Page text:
While I don’t have a crystal ball to see into the future, I would bet that October or November time is your safest bet. Late summer could still be questionable, says Liz Ryan, Founder of Orange + Rose Events
Do I postpone or cancel?
I don’t recommend cancelling. Why? Because you will lose your deposits which can account for as much as 50% of your budget. That’s money out of pocket that you won’t get back. Instead, look to reschedule to a date that is mutually convenient for you and your vendors. Obviously, the further in advance you book, and the more distant your date, the greater the probability you will be able to re-secure as much of your vendor team as possible, thus, minimizing any budget loss.
Now that we’ve decided to postpone or re-schedule, how do I notify my guests?
“Time is of the essence, send out a quick text, email or even call to let them know the event is postponed or has been rescheduled with a new date,” says Elle Becerra from Events by Elle. “You can also try sending a formal card to everyone’s houses with the new date.”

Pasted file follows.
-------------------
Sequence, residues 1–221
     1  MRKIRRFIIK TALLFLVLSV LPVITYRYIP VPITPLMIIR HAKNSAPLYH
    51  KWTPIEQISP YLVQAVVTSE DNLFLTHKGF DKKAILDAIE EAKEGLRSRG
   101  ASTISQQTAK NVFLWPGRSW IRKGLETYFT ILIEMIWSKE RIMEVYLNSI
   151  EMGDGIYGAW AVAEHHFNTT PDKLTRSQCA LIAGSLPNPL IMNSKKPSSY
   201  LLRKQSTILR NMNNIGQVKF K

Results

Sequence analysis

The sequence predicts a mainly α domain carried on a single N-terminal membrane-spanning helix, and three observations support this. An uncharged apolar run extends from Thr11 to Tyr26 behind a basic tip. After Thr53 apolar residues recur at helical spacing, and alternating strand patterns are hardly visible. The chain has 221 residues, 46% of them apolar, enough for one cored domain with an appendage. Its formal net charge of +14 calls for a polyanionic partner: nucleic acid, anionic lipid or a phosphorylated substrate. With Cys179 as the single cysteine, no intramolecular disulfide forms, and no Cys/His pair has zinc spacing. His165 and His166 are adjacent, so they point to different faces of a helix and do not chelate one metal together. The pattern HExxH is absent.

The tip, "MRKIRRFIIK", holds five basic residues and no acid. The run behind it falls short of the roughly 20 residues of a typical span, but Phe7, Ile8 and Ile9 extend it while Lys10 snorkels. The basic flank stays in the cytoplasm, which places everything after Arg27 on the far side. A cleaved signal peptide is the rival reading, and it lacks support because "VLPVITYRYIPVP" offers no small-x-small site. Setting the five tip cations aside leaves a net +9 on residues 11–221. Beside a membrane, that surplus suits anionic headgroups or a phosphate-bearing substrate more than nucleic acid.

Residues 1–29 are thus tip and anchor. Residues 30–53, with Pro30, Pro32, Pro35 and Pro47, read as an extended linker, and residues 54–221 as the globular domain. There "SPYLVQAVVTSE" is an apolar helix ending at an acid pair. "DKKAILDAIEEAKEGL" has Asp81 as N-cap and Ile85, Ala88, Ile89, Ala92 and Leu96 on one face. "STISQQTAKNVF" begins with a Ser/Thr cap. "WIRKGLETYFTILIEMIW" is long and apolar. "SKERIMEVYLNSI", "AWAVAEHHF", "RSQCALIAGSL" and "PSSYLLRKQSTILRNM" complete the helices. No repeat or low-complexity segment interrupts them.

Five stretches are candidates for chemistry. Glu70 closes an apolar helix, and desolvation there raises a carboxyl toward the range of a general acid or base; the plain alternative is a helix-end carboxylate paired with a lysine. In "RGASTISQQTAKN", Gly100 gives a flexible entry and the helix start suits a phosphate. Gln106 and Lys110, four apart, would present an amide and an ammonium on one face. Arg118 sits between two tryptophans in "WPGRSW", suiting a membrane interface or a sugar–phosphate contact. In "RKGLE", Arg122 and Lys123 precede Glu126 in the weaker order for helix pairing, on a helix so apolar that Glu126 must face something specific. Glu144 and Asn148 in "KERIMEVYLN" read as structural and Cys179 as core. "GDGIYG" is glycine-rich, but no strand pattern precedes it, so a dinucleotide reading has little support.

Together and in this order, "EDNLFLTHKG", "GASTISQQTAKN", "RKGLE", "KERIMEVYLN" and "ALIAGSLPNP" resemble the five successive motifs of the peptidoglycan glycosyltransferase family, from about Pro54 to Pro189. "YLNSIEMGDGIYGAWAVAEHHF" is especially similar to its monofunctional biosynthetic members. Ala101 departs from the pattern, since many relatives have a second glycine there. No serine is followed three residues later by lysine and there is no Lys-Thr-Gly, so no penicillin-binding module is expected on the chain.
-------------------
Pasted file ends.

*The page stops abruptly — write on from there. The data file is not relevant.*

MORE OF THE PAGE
My wedding is 2 months from now, do I need to reschedule my wedding?
“At this point, no one truly knows just how long it will take for Coronavirus to shake out.” Liz Ryan of Orange + Rose Events comments, “Get in touch with your vendor team and your venue to see what’s possible as a backup plan. Choose 2 to 3 dates to ensure you have the greatest chance to source a date that is mutually agreeable for everyone.
What if I can’t secure a new date that works for me and my vendors?
Typically, wedding vendors are booked months in advance, so changing your wedding date at the last minute can be tricky. Andi Dyal of Andi Soirees weighs in, “Opening your mind to a Friday nuptial might just be the tric; I recently had someone ask me about a Thursday wedding, and even a Monday wedding.”
We've heard a lot about rescheduling fees…tell me more
Rescheduling fees are vendor determined. While it varies from vendor to vendor, Rescheduling fees are often equivalent to a new deposit. Reach out, or, have your planner reach out directly to each vendor to see what their policy is.
Will my photographer add in a Covid-19 contract clause?